EDITOR’S NOTE: A technical issue prevented this report and video from appearing on Wednesday’s newscasts. We hope that the problem will be corrected for our Thursday newscasts.
SHREVEPORT, La. — A man with a machete who was involved in a tense and emotionally charged two-minute standoff with Shreveport police had turned and walked away when two officers fired at him, video shows of the incident.
The 58-year-old, who survived leg injuries, had alternately picked up a machete, put it down, pointed it at officers and raised his arms as if he wanted them to shoot him above. In turn, the officers had yelled at her dozens of times to put the machete down as her distraught daughter begged her father to give up and begged the police not to shoot her.
Discrepancies between this body camera video and a Shreveport police detective’s report on what happened just before the officers were fired led the Caddo District Attorney to refer the investigation file to the police for further investigation before the prosecutor’s office begins to examine whether the officers’ actions were justified.
A nationally recognized authority on the use of force assessed the KTBS News video on demand and concluded that the officers were justified in using force because they faced an armed threat to the community. He also said the prosecutor had legitimate concerns about inconsistencies in the police investigation. Both groups, he said, should focus on whether a crime was committed, not whether police procedures were followed.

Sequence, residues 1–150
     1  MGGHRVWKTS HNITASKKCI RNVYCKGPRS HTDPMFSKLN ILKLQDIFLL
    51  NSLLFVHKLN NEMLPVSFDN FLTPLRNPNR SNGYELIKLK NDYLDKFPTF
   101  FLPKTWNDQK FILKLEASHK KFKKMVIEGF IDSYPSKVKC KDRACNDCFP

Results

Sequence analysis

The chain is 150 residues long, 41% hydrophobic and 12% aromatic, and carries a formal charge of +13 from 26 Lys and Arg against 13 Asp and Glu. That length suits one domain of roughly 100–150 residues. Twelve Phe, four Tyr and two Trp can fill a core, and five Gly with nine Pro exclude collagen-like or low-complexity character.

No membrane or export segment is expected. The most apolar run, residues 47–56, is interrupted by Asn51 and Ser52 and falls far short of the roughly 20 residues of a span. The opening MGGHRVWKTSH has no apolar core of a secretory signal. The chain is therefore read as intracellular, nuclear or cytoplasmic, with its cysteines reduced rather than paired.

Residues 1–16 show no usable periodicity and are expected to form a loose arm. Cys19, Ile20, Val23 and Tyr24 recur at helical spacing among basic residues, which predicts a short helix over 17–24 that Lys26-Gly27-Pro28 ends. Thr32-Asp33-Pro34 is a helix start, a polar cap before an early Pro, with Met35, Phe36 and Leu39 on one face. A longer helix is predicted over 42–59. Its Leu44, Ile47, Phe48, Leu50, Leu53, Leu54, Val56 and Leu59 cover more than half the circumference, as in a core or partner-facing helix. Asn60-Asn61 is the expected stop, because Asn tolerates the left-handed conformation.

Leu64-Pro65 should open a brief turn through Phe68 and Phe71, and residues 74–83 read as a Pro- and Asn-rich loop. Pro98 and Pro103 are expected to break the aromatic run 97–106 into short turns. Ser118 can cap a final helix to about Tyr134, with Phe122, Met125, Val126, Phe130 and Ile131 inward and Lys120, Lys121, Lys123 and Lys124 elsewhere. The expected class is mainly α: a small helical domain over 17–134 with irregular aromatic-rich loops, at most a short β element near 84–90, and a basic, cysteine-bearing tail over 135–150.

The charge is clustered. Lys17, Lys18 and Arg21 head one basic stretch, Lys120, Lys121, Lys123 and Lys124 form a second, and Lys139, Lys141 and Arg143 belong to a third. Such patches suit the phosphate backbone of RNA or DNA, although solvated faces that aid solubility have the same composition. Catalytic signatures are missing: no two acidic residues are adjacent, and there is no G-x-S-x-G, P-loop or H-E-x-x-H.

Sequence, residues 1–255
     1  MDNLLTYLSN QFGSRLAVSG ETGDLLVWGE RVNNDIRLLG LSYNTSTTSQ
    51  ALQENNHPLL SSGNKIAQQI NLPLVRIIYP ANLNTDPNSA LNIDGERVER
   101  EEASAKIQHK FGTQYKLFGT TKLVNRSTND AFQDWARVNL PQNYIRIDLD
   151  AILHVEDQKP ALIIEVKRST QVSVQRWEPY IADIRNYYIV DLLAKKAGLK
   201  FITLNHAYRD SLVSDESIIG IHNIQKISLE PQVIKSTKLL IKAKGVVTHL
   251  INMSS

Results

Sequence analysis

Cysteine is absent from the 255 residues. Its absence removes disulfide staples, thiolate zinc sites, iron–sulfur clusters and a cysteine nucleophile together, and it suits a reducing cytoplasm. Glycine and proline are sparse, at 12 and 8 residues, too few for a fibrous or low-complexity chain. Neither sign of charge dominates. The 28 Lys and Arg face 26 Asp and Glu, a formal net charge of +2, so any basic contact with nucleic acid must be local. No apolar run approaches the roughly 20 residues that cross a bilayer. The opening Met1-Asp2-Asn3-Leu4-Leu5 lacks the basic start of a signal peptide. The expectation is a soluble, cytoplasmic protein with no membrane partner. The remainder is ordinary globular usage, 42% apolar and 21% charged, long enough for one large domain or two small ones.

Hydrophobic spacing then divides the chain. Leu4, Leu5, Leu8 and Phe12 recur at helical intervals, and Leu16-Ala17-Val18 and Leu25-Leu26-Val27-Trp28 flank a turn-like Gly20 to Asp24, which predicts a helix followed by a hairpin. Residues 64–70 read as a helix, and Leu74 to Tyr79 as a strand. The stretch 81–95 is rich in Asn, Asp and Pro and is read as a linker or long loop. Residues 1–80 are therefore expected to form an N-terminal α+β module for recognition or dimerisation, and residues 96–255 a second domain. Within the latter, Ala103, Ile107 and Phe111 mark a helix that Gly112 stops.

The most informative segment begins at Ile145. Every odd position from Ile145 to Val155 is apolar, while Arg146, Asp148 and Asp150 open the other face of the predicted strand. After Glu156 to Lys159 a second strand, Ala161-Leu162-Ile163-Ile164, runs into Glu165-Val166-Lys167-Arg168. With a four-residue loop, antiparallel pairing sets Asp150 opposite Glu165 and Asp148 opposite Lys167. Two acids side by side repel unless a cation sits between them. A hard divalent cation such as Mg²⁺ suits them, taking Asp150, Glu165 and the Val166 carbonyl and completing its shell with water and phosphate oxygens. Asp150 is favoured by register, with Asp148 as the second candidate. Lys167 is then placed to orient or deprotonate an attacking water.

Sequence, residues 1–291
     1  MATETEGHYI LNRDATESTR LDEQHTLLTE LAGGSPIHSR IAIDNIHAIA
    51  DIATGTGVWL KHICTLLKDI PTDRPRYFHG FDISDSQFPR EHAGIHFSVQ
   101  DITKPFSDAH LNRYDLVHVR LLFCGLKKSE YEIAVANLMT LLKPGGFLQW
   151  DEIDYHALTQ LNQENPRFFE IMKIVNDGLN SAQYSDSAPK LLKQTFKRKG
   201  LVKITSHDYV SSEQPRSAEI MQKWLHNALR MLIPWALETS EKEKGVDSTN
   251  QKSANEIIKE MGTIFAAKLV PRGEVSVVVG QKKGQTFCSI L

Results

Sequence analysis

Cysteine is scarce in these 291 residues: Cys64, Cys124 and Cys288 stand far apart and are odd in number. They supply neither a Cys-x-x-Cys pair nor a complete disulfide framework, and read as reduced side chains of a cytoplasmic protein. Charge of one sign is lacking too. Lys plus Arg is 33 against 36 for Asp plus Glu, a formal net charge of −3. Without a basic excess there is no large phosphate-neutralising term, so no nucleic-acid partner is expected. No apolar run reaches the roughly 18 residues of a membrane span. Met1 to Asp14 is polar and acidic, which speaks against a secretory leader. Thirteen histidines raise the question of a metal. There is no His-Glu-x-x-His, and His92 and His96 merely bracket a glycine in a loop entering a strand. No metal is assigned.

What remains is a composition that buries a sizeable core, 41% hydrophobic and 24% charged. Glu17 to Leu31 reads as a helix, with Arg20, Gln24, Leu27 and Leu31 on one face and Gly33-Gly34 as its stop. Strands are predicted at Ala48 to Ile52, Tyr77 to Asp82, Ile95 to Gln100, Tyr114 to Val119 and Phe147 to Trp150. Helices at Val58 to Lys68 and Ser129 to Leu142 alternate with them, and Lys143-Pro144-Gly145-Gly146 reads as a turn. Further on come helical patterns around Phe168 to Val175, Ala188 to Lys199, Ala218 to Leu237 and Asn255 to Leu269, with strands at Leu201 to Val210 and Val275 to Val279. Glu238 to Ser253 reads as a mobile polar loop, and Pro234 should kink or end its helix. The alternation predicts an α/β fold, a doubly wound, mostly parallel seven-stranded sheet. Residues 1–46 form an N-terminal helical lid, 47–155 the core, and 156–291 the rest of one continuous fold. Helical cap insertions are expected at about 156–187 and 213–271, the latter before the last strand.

Brad Schneider, 58, was shot in the right leg in August after Shreveport police received a 911 call about a disturbance at the home where he lived with his daughter. Two patrolmen arrived to find Schneider outside the house holding a machete. The police department’s official statement after the shooting was that Schneider charged officers.
Body camera video of Officer Samantha Gwin, obtained by KTBS News after a public records request from the DA’s office, shows a highly charged situation that ended when Schneider turned around and appeared to start running towards the house. She and Officer Amanda Gill then shot and wounded him.
“The Shreveport Police Department’s investigation requires clarification due to conflicting information in reports in relation to body camera video of officers using firearms,” District Attorney James Stewart said in a statement. a two-page letter to Police Chief Wayne Smith. “Video shows (Schneider) walking away from officers, towards the porch of the house, as multiple reports suggest the suspect was advancing towards officers at the time of the shooting.”
Stewart, who concluded his letter by saying he did not believe the lead detective conducted an objective investigation, declined an interview with KTBS News, saying “the letter speaks for itself.”
“I expect the Chief and I to have a meeting and if he can address it (the prosecutor’s concerns about the investigation), he will,” Stewart said.
KTBS asked to question Police Chief Wayne Smith about the shooting, but only received a statement from the SPD spokesman, who said the matter was still under investigation. and that communication with the prosecutor continued on “what further steps they want us to take”.
The shooting happened on the night of August 25 outside a house in the 600 block of Kings Highway near Byrd High School. Schneider’s daughter told 911 that her father needed psychiatric help and was knocking on the door because she wouldn’t let him into the house.
The two minutes and 16 seconds that followed the arrival of the first officer were a very heavy episode of shouting, insults and pleas. Body camera video records officers Gwin and Gill, who arrived to support Gwin, yelling 29 times at Schneider to put the machete down. Schneider’s daughter Christina can be heard eight times pleading with her father to stop and seven times pleading with the police not to shoot her.
“He has heart disease,” the girl said. ” Do not do that. Please don’t hurt her; please don’t shoot him! as Schneider is seen on a catwalk holding a machete.